When something like this happens, the average person will just drop their vehicle off at the shop and pick it up whenever it’s ready. But leaving your home in the hands of another person for a night?

Don’t let that scare you, though, because there are some definite advantages to living out of a van, whether you’re a millennial or nonagenarian.

Freedom To Go Wherever The Road Can Take You

Imagine being tired of renting and then deciding to get in your car (or van in this case), drop everything, and hit the road. Suppose you’ve taken care of your responsibilities like closing your rental lease, finding remote work, and budgeting well for the adventure. In that case, this might sound like a cinematic escape from the world of mundane nine to five living.

With the vast number of overnight rest areas and campsites, the prospect of staying in a new place every night is entirely realistic. This happens, even on the smallest personal finance budgets.

No Rent or Mortgage Payment

As mentioned earlier, if you’re tired of renting, it’s probably because you’re watching your hard-earned dollars go toward something on which you may never see any return. Living out of your van might sound like a teenage road trip dream, but realistically, it’s amazing for your wallet – even if it’s just temporary.

If you work remotely and want to take some time to save up some money, skip moving back in with your parents and take yourself on the adventure of a lifetime while you save. Living out of your van might be less comfortable than the couch in your apartment or house, but it’ll save you extra cash on home prices, mortgage insurance, and property taxes, to name a few.

Simplicity

Whether you live in a van, a house, or a tiny home, living a simpler lifestyle is a plus in today’s fast-paced world.

It’s easy to stress when you always worry about:

  • Making rent
  • Paying utilities
  • Cleaning your house or apartment
  • Cooking meals every night
  • Your upstairs neighbors, who walk around their house wearing ankle weights

 

Living in a van doesn’t eliminate all of these, but it might force you to simplify them so that they’re less of an issue. Last I checked, it isn’t easy to fit an entire wardrobe inside of a van and still have room to sleep, so keep fewer shoes and clothes with you and have less to wash and fold when the time comes.

If a sink full of dirty dishes is one of your least favorite things to take care of, then simplify the problem by using fewer dishes or order food more often with the money you save not having to pay rent. The van life can be a beautiful thing if done strategically.

Perspective

I’ve learned from my time as a traveler and a van dweller that you don’t need much in order to be happy. If you can live a completely fulfilling lifestyle out of nothing more than a backpack, then you can do so out of the back of a van.

Renting or living in your dream home comes with a lot of baggage that can distract you from the things that matter, like catching the sunset or stopping to feel the rain hit your face on a hot summer day, or even more importantly – the people you’re with.

Even if you only spend a month living out of a van, you’ll absolutely appreciate the little things you once took for granted. And while being tired of paying rent might be your initial motivation to live out of a van, being able to savor the little things will be the reason you end up enjoying it.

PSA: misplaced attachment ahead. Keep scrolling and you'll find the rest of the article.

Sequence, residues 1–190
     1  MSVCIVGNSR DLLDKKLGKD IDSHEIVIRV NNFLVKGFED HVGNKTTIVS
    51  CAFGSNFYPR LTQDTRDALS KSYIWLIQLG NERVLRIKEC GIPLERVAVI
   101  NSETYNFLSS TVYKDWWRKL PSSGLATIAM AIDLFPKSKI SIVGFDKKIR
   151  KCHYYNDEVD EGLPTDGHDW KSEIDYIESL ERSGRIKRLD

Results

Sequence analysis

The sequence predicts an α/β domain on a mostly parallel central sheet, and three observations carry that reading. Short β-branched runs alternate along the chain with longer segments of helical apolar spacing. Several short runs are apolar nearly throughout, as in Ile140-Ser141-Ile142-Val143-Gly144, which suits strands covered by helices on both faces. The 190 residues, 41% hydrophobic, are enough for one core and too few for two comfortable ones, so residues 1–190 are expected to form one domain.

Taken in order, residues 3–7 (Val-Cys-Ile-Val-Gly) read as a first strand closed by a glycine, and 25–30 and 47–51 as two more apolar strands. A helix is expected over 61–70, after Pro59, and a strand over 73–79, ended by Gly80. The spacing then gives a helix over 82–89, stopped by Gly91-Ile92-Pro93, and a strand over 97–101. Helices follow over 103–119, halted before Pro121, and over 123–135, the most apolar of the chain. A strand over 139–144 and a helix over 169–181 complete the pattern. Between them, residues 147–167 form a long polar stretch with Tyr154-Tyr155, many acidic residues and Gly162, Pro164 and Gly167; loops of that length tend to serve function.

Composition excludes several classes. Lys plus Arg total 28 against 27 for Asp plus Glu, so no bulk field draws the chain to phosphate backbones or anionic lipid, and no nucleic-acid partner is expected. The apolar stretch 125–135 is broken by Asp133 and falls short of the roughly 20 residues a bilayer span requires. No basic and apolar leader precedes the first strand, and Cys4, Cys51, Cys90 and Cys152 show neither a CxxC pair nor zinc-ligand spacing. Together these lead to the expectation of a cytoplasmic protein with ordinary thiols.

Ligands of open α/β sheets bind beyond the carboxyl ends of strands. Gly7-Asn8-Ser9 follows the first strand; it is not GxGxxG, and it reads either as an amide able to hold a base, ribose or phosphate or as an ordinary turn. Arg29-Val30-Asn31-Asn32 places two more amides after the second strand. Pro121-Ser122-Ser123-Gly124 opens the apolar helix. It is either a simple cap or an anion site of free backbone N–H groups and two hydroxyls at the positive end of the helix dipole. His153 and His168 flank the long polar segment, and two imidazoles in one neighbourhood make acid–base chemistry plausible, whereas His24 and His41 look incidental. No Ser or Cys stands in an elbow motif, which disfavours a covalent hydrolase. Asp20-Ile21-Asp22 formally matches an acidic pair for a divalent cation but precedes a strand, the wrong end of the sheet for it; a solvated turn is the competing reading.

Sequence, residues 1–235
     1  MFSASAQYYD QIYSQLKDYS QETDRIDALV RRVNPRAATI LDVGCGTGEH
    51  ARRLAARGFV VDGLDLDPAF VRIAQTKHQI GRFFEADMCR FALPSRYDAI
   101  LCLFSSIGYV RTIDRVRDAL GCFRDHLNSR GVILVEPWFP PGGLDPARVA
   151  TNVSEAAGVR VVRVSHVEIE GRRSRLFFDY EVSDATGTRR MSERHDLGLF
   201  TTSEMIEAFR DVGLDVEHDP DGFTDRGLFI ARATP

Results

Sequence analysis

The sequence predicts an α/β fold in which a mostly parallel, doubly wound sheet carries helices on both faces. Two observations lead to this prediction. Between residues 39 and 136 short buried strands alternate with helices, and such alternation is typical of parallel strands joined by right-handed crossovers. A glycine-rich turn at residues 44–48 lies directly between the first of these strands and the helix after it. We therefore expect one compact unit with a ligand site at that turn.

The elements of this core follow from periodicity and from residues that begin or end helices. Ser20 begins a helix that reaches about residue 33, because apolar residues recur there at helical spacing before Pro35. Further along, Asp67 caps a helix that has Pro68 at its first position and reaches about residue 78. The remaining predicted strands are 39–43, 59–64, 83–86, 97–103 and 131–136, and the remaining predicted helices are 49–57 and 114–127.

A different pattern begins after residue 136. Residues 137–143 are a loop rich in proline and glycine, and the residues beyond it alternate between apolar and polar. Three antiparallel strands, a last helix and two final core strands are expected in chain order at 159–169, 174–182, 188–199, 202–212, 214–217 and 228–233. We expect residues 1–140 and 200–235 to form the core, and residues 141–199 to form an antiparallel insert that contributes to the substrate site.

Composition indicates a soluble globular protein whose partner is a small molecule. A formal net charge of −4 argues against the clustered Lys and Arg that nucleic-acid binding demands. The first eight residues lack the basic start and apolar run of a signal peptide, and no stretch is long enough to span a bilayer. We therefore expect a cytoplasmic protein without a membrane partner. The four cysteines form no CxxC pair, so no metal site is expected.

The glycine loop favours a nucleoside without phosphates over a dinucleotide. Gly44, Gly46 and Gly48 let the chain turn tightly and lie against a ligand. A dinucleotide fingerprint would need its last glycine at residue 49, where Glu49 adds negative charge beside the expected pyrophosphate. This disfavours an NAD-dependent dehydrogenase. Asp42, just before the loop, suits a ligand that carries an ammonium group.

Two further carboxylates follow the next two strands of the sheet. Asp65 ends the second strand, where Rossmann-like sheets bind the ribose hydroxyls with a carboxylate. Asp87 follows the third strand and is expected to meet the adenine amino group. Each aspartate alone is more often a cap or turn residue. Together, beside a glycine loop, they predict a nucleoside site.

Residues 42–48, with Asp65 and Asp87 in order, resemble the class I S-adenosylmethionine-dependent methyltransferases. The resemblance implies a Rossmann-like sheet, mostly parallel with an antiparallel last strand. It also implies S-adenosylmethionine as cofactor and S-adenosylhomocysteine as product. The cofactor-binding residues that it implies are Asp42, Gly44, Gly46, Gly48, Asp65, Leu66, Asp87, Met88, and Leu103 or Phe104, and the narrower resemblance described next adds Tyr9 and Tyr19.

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Are Any of These Lifestyles For You?

Sure, all of these rental alternatives sound pretty great. But let’s get to the meat of the matter and consider which lifestyles are best for each home option.

Owning a Traditional Home

If you’re settled into a career and are looking to plant yourself in one place for a long time, owning a home might just be your best option. If you’ve got the extra cash, you don’t even necessarily have to live there. You could just rent it out (evil laughs)!

Tiny Home Living

This option is for anyone in between wanting to travel and settle. The tiny home gives you an actual house and the wheels to take it anywhere you’d like. It’s not an inexpensive option, but this option will save you money and be much better for the environment compared to a traditional home.

Van Living

Van life is for the adventurous. It’s not for the faint of heart. There may be days you want a standard bed to sleep in, and that’s okay – that’s what motels are for! While it’s the cheapest option, van living is really for anyone who wants to learn how to live simply.


Some Downsides of All Three

They say that buying your own home is one of the most stressful experiences a person can endure. On top of that, when something goes wrong with your new home, it’s now your sole responsibility to fix said problem.

Remember, lots of steps go into homeownership of any kind:

  • Realtors
  • Mortgage loans
  • Choosing perfect real estate in an imperfect housing market
  • Bills to income ratio consideration

 

If you like to have space inside your home, you’ll probably be dissatisfied with a tiny home or a van, whether you’ve simplified your lifestyle or not. Sometimes it’s just good to have personal space, especially if you have a roommate.

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Conclusion

If you’re tired of renting, don’t be afraid to start exploring your options. Just be sure to think things through thoroughly before making a decision. You have to consider your lifestyle, your budget, and your needs, first and foremost.

From there, and for always, embrace life as it comes your way.